In California, the nation's most populous state, former U.S. Ambassador (and former Republican presidential candidate) Alan Keyes got 0.3 percent of the vote. He did not do as well in the two remaining states where his name appeared on the ballot: Colorado and Florida.
Former Republican presidential candidate Ron Paul got 2.2 percent of the vote in Montana, despite the fact that he did not run for president in the general election and asked that his name be removed from the ballot. He also got 0.5 percent of the vote in Louisiana.
As in the past, most Americans limited their choice to one of the two major-party presidential candidates, as opposed to considering a third-party candidate whose views may have more closely matched theirs. Generally speaking, Americans vote for somebody they think can win. This lesson was clearly illustrated earlier this year when Ron Paul won his congressional district by a landslide in his Republican primary race for reelection to Congress yet lost both the district and the state in his Republican primary race for president.
Of course, by limiting their choices to the "viable" candidates, many Americans put themselves into the position of voting for "the lesser of two evils" based on the notion that they would be wasting their vote if they voted for a principled candidate who has no chance of winning. The counter argument, of course, is that you waste your vote when you vote for somebody you do not believe in. Constitution Party candidate Chuck Baldwin, who obviously is a strong adherent of the latter point of view, opined in an article he wrote prior to the election: "A wasted vote is a vote for someone you know does not represent your own beliefs and principles. A wasted vote is a vote for someone you know will not lead the country in the way it should go. A wasted vote is a vote for the 'lesser of two evils.' Or, in the case of John McCain and Barack Obama, what we have is a choice between the 'evil of two lessers.'"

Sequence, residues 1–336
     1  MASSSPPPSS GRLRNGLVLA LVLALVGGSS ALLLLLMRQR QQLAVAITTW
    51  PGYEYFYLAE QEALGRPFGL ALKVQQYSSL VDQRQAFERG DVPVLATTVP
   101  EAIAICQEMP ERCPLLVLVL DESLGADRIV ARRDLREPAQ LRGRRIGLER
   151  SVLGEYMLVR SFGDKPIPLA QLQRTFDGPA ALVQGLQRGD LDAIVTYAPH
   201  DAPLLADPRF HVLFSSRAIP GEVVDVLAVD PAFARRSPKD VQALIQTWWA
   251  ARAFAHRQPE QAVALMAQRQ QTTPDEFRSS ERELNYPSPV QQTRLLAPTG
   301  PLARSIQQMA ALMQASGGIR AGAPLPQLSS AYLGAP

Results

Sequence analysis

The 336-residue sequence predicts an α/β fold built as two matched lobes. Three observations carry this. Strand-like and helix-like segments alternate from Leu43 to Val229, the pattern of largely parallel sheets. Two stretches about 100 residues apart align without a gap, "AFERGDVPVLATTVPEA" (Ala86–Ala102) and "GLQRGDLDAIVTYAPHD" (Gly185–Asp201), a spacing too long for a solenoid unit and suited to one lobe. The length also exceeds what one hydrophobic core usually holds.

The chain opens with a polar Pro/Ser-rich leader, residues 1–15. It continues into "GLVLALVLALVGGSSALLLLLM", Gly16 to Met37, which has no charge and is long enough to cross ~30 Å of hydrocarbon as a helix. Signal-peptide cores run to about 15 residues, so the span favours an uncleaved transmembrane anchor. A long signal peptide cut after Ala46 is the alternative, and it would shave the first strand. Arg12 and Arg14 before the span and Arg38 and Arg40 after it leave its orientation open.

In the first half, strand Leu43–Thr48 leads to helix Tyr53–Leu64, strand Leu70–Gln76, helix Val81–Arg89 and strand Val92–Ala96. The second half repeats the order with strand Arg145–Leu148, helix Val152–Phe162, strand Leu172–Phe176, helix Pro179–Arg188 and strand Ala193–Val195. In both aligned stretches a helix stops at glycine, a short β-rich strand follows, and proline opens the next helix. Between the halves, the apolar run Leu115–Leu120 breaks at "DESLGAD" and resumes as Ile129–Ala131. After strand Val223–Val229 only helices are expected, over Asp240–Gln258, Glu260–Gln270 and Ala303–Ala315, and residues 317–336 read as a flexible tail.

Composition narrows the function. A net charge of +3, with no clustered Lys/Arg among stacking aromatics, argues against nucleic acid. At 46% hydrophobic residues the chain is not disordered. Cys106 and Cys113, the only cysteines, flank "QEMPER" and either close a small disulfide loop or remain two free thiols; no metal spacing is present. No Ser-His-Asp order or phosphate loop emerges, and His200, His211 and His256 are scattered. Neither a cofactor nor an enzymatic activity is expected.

* These results were based on 98 percent of precincts reporting.